Structures are deformable objects - they will change shape when applied with loads. When deformable objects experience such forces, a Strength of Materials course will tell you that it will develop stresses and strains.

Let's consider a piece of French fry and pull it at both ends. What happens? It would elongate first, then break at a certain point if you pull it too hard. When you applied such force, the French fry experienced internal axial stress and strain that caused it to elongate.

This example reveals to us that there is a relationship between external loads and internal stresses and strains.

## What are Constitutive Equations?

Constitutive equations, in structural analysis, tell us the relationship between loads and stresses to deformations and strains. It is the linchpin between these two quantities.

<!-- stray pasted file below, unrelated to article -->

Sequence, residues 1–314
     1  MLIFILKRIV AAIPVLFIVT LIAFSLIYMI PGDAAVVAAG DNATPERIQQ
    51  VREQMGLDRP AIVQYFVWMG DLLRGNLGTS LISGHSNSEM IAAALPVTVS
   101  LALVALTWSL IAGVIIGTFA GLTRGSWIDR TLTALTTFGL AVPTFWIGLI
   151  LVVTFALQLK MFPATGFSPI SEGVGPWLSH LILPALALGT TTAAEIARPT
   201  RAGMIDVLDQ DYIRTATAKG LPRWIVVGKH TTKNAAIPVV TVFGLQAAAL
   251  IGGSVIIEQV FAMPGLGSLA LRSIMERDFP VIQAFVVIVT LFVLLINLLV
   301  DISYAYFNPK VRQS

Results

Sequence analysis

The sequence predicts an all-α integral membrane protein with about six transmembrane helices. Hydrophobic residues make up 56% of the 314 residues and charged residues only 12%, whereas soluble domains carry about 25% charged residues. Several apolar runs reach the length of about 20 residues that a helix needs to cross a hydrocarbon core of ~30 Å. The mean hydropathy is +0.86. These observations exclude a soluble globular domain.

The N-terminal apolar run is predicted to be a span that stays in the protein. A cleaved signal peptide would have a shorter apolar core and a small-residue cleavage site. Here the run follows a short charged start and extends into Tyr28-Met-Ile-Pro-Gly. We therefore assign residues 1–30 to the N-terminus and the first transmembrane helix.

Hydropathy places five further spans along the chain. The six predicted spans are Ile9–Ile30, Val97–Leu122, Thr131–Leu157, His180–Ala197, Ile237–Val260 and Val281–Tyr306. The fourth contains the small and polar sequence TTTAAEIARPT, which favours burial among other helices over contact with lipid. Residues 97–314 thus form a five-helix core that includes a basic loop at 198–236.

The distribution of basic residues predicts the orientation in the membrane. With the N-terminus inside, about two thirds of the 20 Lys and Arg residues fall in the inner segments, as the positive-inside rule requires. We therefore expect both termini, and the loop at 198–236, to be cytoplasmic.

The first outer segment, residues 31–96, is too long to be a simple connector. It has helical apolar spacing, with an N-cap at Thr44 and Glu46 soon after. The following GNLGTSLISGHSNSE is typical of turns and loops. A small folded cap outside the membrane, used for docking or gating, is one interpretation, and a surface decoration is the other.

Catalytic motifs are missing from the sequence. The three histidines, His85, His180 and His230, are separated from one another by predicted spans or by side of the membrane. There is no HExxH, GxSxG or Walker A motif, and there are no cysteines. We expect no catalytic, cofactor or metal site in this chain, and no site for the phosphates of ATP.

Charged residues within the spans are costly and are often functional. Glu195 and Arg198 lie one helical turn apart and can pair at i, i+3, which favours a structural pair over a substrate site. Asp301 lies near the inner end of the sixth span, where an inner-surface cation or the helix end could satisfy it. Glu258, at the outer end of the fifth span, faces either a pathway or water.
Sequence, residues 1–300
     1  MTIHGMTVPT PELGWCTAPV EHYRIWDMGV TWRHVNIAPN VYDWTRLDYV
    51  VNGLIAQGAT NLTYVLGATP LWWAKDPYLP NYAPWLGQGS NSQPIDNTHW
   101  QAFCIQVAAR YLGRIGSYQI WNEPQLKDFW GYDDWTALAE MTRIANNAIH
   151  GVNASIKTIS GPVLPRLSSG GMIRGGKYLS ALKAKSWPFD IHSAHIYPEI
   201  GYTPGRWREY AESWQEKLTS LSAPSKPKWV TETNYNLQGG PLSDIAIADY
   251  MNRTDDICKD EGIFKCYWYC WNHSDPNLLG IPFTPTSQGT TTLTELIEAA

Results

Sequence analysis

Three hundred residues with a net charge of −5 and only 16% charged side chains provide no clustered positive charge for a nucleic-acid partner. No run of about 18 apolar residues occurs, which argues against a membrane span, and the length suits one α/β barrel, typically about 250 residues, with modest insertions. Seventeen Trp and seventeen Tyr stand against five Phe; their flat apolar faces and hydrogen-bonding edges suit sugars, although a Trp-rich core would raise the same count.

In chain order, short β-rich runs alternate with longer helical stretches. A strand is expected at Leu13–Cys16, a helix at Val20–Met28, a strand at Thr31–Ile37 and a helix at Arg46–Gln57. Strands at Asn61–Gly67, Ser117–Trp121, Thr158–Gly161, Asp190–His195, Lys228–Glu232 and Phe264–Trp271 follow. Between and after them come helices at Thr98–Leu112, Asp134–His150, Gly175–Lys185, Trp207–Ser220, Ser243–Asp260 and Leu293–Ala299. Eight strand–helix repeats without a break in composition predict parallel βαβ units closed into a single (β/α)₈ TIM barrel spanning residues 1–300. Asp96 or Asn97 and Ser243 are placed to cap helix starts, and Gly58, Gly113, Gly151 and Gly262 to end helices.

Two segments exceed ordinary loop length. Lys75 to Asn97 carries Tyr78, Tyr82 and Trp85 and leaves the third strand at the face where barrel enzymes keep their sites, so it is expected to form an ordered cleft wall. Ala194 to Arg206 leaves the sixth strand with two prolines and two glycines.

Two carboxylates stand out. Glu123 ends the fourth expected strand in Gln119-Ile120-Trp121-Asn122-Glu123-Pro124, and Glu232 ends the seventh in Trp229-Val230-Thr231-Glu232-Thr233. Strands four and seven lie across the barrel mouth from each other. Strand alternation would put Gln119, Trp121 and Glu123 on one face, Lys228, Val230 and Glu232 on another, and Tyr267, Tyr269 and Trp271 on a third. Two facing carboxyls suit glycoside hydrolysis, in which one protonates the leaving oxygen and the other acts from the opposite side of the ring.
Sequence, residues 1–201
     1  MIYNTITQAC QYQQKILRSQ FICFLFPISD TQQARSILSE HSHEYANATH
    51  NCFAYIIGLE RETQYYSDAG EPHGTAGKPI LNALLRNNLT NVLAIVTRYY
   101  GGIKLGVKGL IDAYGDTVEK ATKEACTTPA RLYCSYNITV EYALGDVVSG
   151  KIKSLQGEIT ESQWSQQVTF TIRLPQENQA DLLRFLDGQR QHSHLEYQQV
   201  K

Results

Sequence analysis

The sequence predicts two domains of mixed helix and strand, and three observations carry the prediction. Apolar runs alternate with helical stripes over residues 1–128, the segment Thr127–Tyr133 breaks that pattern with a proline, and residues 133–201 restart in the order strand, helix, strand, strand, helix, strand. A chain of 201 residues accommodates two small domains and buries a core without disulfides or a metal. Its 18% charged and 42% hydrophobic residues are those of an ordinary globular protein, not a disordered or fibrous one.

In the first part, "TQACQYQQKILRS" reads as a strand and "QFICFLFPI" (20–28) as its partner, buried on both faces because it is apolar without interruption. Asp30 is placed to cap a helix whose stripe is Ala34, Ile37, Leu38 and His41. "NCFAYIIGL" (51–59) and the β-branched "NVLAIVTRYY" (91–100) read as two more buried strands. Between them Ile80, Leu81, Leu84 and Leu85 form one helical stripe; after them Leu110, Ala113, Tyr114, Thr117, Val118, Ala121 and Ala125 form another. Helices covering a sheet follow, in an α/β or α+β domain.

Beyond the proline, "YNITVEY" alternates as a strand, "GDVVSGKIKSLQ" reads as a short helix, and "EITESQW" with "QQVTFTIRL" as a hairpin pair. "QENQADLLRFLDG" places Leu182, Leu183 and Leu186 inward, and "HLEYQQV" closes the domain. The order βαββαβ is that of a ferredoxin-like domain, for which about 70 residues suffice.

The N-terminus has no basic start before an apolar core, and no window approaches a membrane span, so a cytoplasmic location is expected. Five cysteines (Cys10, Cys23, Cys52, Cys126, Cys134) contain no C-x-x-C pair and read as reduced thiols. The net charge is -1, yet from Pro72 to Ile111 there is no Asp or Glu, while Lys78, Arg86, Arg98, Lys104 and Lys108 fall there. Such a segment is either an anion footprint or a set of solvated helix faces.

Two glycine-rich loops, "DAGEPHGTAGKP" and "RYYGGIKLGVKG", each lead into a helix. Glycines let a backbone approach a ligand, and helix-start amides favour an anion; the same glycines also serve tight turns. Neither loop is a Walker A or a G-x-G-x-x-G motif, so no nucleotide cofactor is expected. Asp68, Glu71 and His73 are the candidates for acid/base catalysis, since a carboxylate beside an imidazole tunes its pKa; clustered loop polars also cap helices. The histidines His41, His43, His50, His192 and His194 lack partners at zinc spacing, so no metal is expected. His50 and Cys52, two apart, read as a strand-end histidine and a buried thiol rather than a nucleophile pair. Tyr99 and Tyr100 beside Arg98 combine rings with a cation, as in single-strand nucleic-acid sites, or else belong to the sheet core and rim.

Let's consider the French fry example again (or any object). How do we relate the developed stress due to the pulling force to its strain?

If the deformation is elastic, one constitutive equation we could use would be the expression for Young's Modulus: \(E=\frac{{\sigma}}{{\epsilon}}\). Here, \({\sigma}\) is axial stress and \({\epsilon}\) is axial strain.

Constitutive relationships can be straightforward, as in our example, or complex. These expressions depend on the structure's size, shape, and material. It also varies based on the type of stress it is experiencing, whether it would be axial, shear, flexural, or torsional.

## Summary

Constitutive equations tell us the relationship between loads and stresses to deformations and strains.